Wednesday, March 3, 2010
US Refining Utilization Picking Up
The percent utilization of oil refineries in the US is picking up slightly, which is perfectly normal for this time of year. Refineries traditionally use the winter months to shut down various units for routine repairs and major overhauls, then start processing again to build up inventories for the summer driving season.
Except this year. The inventories are already built up, and overbuilt actually. Still, refining utilization broke the 80 percent mark this past week, per the EIA, at 81.9 percent. The industry as a whole has excess capacity, leading to low margins and low or negative profits (losses). Refining utilization usually increases approximately 8 percentage points from the mid-February low to the summer maximum, thus this year we can expect approximately 85 to 86 percent utilization at the most. That is not nearly sufficient to bring profitability to the industry, and requires some refineries to permanently shut down. With over-stocked gasoline across the country, it might just be that refineries do not reach the 85 percent utilization this year.
It is also interesting, as I wrote earlier, that the trend in crude oil consumption is downward in the US. Crude oil consumption peaked in 2005 and is not likely to climb again soon, if ever. Peak Oil Demand has already occurred in the U.S. The Obama government is largely responsible for this continuing, having passed the law requiring automobiles to achieve 35 miles per gallon, on average, for new car sales. The rate of gas mileage improvement is much higher than historical crude oil consumption increase, thus oil demand will continue to decrease.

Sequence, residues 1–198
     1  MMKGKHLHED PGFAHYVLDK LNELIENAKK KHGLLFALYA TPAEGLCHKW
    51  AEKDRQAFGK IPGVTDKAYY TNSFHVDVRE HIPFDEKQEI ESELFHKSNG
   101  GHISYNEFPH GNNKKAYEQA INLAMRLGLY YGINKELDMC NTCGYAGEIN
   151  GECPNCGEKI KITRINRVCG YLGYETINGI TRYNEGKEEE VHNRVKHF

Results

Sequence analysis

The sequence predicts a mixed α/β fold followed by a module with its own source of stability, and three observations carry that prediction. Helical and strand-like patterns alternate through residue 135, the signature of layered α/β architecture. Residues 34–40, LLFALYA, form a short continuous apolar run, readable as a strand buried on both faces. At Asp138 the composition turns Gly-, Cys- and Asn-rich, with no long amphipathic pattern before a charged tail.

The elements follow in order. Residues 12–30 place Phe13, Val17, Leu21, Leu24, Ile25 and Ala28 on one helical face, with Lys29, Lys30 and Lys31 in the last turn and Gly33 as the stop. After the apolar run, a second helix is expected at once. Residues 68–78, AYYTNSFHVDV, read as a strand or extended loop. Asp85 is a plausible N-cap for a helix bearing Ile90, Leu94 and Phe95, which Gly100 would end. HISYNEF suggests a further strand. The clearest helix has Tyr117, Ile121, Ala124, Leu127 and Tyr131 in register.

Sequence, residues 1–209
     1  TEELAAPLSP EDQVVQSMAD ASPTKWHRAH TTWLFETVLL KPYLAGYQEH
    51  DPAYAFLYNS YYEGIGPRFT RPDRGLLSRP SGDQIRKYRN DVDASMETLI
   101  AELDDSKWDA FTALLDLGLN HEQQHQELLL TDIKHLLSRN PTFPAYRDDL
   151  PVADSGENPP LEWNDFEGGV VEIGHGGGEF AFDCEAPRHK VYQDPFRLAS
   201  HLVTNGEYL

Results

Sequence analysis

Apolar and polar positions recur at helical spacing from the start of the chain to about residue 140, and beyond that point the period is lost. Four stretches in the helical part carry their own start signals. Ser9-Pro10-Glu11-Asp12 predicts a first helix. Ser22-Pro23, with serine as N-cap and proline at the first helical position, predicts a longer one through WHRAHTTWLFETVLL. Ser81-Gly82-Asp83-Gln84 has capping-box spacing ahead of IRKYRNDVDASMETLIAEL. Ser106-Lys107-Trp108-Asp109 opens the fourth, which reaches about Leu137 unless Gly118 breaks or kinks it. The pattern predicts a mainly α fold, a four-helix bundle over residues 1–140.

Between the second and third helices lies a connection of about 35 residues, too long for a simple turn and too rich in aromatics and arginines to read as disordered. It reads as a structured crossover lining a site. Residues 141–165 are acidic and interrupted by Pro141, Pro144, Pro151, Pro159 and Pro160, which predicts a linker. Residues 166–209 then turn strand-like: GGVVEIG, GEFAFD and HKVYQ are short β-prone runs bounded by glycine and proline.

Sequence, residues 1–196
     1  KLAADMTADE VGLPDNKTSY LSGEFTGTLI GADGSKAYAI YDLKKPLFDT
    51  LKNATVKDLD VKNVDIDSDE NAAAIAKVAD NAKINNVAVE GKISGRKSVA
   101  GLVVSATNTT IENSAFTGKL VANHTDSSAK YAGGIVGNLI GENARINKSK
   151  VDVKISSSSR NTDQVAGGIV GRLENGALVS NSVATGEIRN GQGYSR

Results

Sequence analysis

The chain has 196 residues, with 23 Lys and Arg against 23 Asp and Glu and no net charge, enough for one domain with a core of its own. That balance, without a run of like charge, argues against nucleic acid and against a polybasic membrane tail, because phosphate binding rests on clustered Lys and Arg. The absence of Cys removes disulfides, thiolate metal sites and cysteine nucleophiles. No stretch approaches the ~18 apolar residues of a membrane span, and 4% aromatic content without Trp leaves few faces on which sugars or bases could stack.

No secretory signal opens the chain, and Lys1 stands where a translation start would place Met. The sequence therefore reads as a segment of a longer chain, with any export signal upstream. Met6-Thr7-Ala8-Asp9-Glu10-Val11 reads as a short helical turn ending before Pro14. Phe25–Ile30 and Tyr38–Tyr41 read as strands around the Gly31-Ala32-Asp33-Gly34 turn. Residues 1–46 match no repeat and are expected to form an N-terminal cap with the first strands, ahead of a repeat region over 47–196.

The EPA's logic is all wrong for requiring higher miles per gallon, as they based their requirement on reduced CO2 emissions that supposedly will prevent global warming and a host of disasters resulting, including coastal flooding from rising sea levels, melting ice caps, droughts, heat waves, and others. What will actually happen is that the demand for oil will decrease, the US' imports of oil will decrease, and the balance of payments will improve. At the same time, the price of oil will be somewhat less than it would be without the new mileage standards, which could reduce government tax receipts - those based on a percentage of the gasoline sales price.
It looks like Obama and company got one right - for all the wrong reasons, but it is a good thing when crude oil price drops and less money flows into the Middle East. Now, if they could just cut out the bio-fuels foolishness, which will increase diesel fuel demand because trucks and trains are used to haul ethanol around the country. Those trucks and trains consume diesel fuel, which requires approximately 3 barrels of oil to be refined for each barrel of diesel fuel produced.
Roger E. Sowell, Esq.
Marina del Rey, California